It's fascinating to think that slasher films continue to operate in a thin line where strong negative reactions to them are always going to be prevalent, but then, on the other side, there are loyal fans who find a method in the madness. How else would you explain that a film franchise like Saw doesn't just exist but has spawned (now) ten films so far? With the latest one, though, Saw X goes back to finding the spot, which led it to become a 'surprise' hit in the first place. A direct sequel to the first film, Saw and a prequel to Saw II, the tenth instalment had plenty in store for us to analyse. Having had the chance to see the film beforehand, here's what I thought about it-
The Nostalgia & Connection
A bonafide, gruesome, intenstine-spilling, blood-drenching, body-cutting gore fest is never fun viewing (unless you a psychopath or a serial killer). Adding substance to films like these is always a tall order, but a few Saw films have managed to do that, and Saw X is one of the best examples of the same.
The makers strike a master stroke in having Tobin Bell reprise his role as John Kramer and Shawnee Smith as Amanda Young. The fans of the franchise are instantly connected and invested, as it brings a sense of nostalgia and humanization to the bonker stuff going on. Any viewer, who hasn't been a fan or even seen any Saw film might find it incredibly difficult to stomach the happenings, but on the other side, it's a delight (no, I am not crazy to use the word delight in a film review like this).
Fabulous Use of Gore Techniques
As I mentioned, the usage of gore techniques in films is usually overdone by several filmmakers with a misplaced understanding of how they feel just being gruesome is somehow 'cool' or 'path-breaking.' That's fortunately not the case with Saw X, as even though there are enough scenes where you will want to look away from the screen owing to unthinkable things going on, there is a sense of awareness of where to stop with the visuals. For instance, one of the characters has his face being bamboozled by a machine to bits, but that is never shown, and instead, the director adapts a smart thrill technique of having the machine mask made like a reference to an earlier occurrence in the film. All these might seem too tiny to talk about, but are pivotal in the large picture.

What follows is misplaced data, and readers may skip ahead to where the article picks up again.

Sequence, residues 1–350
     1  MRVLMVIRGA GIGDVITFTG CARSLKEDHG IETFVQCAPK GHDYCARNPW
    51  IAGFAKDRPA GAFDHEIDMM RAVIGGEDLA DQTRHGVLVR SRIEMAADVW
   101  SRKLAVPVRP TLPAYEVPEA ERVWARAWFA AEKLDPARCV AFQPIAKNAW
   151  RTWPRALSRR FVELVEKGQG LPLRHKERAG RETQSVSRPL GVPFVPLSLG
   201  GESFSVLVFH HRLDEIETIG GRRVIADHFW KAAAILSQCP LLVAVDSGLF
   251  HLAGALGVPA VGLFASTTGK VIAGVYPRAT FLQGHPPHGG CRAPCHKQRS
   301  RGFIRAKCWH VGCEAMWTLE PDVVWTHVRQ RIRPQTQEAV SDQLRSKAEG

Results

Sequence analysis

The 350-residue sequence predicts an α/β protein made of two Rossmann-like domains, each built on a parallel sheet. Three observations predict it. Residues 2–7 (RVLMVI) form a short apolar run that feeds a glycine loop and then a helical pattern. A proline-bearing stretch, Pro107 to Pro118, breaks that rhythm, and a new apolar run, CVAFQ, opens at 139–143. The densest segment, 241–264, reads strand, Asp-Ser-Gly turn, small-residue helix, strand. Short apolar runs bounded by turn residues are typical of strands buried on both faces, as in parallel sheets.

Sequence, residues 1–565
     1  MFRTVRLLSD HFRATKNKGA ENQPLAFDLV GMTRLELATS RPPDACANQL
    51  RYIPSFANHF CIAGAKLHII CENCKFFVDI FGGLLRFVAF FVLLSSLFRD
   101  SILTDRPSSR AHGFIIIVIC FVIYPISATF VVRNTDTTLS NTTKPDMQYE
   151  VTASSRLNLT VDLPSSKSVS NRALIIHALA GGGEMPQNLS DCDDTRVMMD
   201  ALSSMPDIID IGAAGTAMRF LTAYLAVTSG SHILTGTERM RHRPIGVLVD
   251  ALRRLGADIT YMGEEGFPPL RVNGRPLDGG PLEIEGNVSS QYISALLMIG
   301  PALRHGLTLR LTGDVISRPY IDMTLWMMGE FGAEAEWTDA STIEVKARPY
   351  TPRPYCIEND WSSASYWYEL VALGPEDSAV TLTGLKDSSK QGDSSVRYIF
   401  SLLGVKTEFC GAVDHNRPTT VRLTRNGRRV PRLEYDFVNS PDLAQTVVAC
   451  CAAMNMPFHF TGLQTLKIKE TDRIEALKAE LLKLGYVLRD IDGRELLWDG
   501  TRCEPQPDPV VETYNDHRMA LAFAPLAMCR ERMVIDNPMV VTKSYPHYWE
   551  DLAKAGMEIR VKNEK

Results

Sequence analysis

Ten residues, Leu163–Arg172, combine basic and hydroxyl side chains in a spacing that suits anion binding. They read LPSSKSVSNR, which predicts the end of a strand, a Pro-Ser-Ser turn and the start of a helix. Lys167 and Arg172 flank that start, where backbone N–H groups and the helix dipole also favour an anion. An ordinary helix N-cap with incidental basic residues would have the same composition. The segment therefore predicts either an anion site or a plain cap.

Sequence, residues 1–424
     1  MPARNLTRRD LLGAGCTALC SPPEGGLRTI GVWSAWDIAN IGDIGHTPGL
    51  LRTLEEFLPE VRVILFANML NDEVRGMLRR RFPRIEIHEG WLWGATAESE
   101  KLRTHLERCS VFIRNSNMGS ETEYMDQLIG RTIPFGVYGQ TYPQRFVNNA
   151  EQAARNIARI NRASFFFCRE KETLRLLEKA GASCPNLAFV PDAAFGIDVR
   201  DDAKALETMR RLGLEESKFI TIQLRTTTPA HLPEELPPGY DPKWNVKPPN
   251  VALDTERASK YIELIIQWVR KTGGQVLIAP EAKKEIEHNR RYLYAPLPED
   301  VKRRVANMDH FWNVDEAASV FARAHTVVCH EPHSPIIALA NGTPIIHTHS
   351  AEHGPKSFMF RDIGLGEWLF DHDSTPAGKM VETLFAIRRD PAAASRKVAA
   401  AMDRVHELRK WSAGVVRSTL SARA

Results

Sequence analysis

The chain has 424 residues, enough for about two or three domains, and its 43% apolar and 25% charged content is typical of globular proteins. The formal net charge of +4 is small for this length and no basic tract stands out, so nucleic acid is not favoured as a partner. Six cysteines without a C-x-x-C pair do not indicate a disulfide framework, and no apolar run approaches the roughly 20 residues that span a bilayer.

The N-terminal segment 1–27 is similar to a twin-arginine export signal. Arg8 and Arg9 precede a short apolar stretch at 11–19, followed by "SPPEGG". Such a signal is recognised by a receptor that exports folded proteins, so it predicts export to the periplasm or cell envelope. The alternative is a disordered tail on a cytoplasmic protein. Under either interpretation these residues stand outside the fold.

The Performances & Legacy
The 81-year-old Tobin Bell as John Kramer delivers a performance like no other. To be seen as fickle and vulnerable while battling cancer and dying soon in the first half and then become a poker-faced punisher in the second half (not a spoiler) is an example of great character development. He is also the reason for the humanization of the storyline towards the climax, which I won't spoil for you. Other actors playing key roles also do their jobs well, as you would expect, but it is Bell who leads the way and reminds us there is no Saw without Bell.
Saw's legacy was undoubtedly on the downside, with films from its world but never entirely connected being just instances of capitalising on the brand. But Saw X is a return to form for the franchise and a rebirth of its legacy that breathes new life (Yes, I see the irony here).
Not For Everyone & Delayed Slowburn
The biggest disclaimer that you can make note of right away is that, without a doubt, Saw X is not everyone, even minus the goriness. There is a particular style of filmmaking and storytelling attached to this series, which might take getting accustomed to, if you want to, so to speak. And then, of course, there is a majority out there who even flinch talking about splitting body parts and a pool of blood (which is normal), let alone signing up for a film that presents that in abundance. And clocking a runtime of almost two full hours, there are a few blank spaces in the film, which, while being effective slow burns, demands a lot from the viewer to stay hooked. These brief moments might pull you out of the film.
In the end, Saw X is a bloody-good treat for the Saw loyalists out there as it reaffirms that there might be some life left in this franchise, and when done effectively, it can still work. The blend of nostalgia, thrills, violence and an insane amount of gore might not be appetising for one and all, but is still an experience to be a part of.
Rating - ***1/2 (3.5/5)